Church welcomes the ‘Scum of the Earth’

Posted: 11/02/07

Church welcomes the ‘Scum of the Earth’

By Susie Oh

Religion News Service

DENVER (RNS)—The people who worship with Pastor Mike Sares are mostly young, many of them students, some clean-cut, some a little raggedy. More than a few of the 300 worshippers have grappled with depression, abortion, drugs and homelessness. Some still wrestle with their demons—and at this church, they talk openly about it. They call themselves Scum of the Earth.

Scum and similar churches around the country draw in young adults disenchanted with suburban megachurches and the denominational churches of their parents. But Sares, for seven years, has tapped into a group at the outermost edges. He fosters relationships with God and peers, makes church as accessible as possible and doesn’t expect worshippers to change as soon as they come through the doors.

A free meal precedes services at Scum of the Earth in Denver, which attracts an eclectic crowd of artists, musicians, homeless people and others. (RNS photos/Ernie Leyba)

“I want everyone to attend,” said Sares, a 52-year-old former steel mill worker with four kids the same age as many in his flock. “It’s ridiculous to say you can’t talk to Jesus until you get your life cleaned up.”

Observers say his is a fresh approach to meeting the spiritual needs of young Christians.

“I think the reaction (in Denver) is, ‘That’s great that someone is doing that,’” said Craig Blomberg, a New Testament professor at Denver Seminary who mentors several Scum leaders. “The unspoken implication is, ‘Boy, we wouldn’t know how to do it, or want to do it, or be good at doing it.’”

The seed for Scum of the Earth was planted when members of Sares’ young-adult Bible study at a downtown Presbyterian church envisioned a new church where they would feel more at home. They came up with a list of 150 ideas:

“Stay away from words like ‘fellowship.’ Use ‘hang-out-time’ instead.”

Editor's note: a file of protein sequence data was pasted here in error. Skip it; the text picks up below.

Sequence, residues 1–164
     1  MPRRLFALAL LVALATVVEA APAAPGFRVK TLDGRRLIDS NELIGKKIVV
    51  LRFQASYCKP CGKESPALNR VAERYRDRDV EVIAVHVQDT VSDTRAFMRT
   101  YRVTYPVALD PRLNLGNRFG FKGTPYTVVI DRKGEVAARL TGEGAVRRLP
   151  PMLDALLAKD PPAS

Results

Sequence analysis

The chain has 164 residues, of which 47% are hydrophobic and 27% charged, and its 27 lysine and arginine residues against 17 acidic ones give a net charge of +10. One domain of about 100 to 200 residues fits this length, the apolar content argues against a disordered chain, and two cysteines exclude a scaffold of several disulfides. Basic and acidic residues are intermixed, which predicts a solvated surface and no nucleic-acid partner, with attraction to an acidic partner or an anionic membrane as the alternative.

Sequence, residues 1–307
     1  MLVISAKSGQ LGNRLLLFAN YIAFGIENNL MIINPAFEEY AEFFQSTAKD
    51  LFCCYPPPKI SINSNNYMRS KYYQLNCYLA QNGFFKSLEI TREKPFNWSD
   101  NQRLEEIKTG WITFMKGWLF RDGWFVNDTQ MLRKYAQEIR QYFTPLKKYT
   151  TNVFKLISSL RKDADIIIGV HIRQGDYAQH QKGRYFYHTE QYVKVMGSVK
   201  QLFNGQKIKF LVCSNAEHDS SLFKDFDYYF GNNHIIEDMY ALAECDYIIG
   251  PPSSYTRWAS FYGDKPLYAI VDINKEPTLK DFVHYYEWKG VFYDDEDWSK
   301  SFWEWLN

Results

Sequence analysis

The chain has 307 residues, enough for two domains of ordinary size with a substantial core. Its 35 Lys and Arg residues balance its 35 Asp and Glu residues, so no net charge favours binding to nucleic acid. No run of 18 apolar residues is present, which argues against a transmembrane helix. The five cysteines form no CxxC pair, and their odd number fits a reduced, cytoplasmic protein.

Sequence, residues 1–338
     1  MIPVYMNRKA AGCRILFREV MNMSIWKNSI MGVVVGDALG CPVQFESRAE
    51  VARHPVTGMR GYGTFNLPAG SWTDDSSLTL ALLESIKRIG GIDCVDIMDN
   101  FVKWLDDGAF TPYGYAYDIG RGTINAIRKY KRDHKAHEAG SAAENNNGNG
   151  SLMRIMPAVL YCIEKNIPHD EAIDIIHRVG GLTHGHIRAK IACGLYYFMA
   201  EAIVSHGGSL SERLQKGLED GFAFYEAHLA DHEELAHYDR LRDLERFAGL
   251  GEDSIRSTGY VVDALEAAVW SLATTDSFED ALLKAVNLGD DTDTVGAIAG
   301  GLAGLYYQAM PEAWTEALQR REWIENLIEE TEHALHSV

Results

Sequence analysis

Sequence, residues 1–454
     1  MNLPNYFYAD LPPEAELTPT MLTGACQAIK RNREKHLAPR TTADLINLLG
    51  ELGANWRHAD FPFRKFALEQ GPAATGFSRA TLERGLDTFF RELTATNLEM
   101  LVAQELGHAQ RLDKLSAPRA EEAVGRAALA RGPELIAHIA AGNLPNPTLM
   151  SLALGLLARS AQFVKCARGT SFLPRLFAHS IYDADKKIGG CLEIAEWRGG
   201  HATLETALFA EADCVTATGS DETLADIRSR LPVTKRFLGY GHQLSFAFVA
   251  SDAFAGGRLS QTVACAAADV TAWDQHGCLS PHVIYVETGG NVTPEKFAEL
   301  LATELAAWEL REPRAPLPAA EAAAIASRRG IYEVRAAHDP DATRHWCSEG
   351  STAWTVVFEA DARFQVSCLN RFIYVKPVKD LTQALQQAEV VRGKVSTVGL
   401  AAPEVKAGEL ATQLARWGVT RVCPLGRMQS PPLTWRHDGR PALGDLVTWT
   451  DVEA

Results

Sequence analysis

“Don’t build upon a foundation of rebellion, but upon God.”

“No cliques.”

The first services were held in a coffee house with several members of the popular Christian ska band Five Iron Frenzy. Sares initially wasn’t crazy about the name Scum of the Earth—“I am not that cool,” he said. He even stalled by asking his young advisers to pray about the name for another week. In the end, he went with it. It was, he says now, the wisest thing he did.

“To reach people, use like people,” he said. “They know their culture, their peers, better than me.”

That sentiment reflects Scum’s avante-gard approach to ministry. Too many churches, Sares said, seem to ask people to change just to get in the door—hide your tattoos, remove your piercings, get up early on a Sunday morning.

Scum takes a domestic-missionary approach. Sares submerses himself in his flock’s culture rather than wishing they would be more like him.

Services—held at 7 p.m. on Sundays—give way to im-promptu gatherings at coffee shops. Bible studies feature poker and the irreverent newspaper “The Onion.”

Scum is influenced by the large number of artists, musicians and other creative types who prefer the unconventional. Scum, Sares said, is a church for “the left-out and right-brained.”

Pastor Mike Sares leads the Scum of the Earth congregation at a rented facility in downtown Denver. “It’s ridiculous to say you can’t talk to Jesus until you get your life cleaned up,” Sares said.

And while Scum may be unique in its attract-the-fringes approach, it’s not alone among groups with their own ideas about how to do church.

Simmering disaffection with the mainstream evangelical movement has spurred the growth of the “emerging church movement,” a loose affiliation of churches that seek to practice Christianity within contemporary culture, said Scot McKnight, a religious studies professor at North Park University in Chicago.

Some churches, like Scum, try to tap into inner-city life and the marginalized. Others emphasize the liturgical elements of Christianity with crosses, candles and icons. Still more embrace a new kind of monasticism by living among the poor, McKnight said.

That desire to be intimately connected with the community resonates with young people who shun fast-food chains and megamarts for local mom-and-pops, McKnight said. Scum’s free meal every Sunday attracts neighbors and homeless people. Some stay for the service.

Part of Scum’s appeal, worshippers say, is its come-as-you-are style. Some members see themselves in the Gospel story of the Prodigal Son.

Kate Makkai, 30, grew up in a church-going family but later turned rebellious.

“I wandered away from the church in my early 20s,” she said, recalling the drugs and casual sexual encounters. “I spent the first few years of my 20s in the waiting room of Planned Parenthood. I’m not proud of that.”

Friends introduced Makkai to Scum. Sares never approved of her lifestyle, she said, but he did offer support, calling weekly to check on her.

That’s part of what makes Scum unique, said McKnight.

“There’s a genuineness about providing for people and not condemning them right up front but saying, ‘Come join us, participate with us, and we welcome you,’” McKnight said. “That’s a kind of church I think is fresh and innovative around the United States and Canada.”

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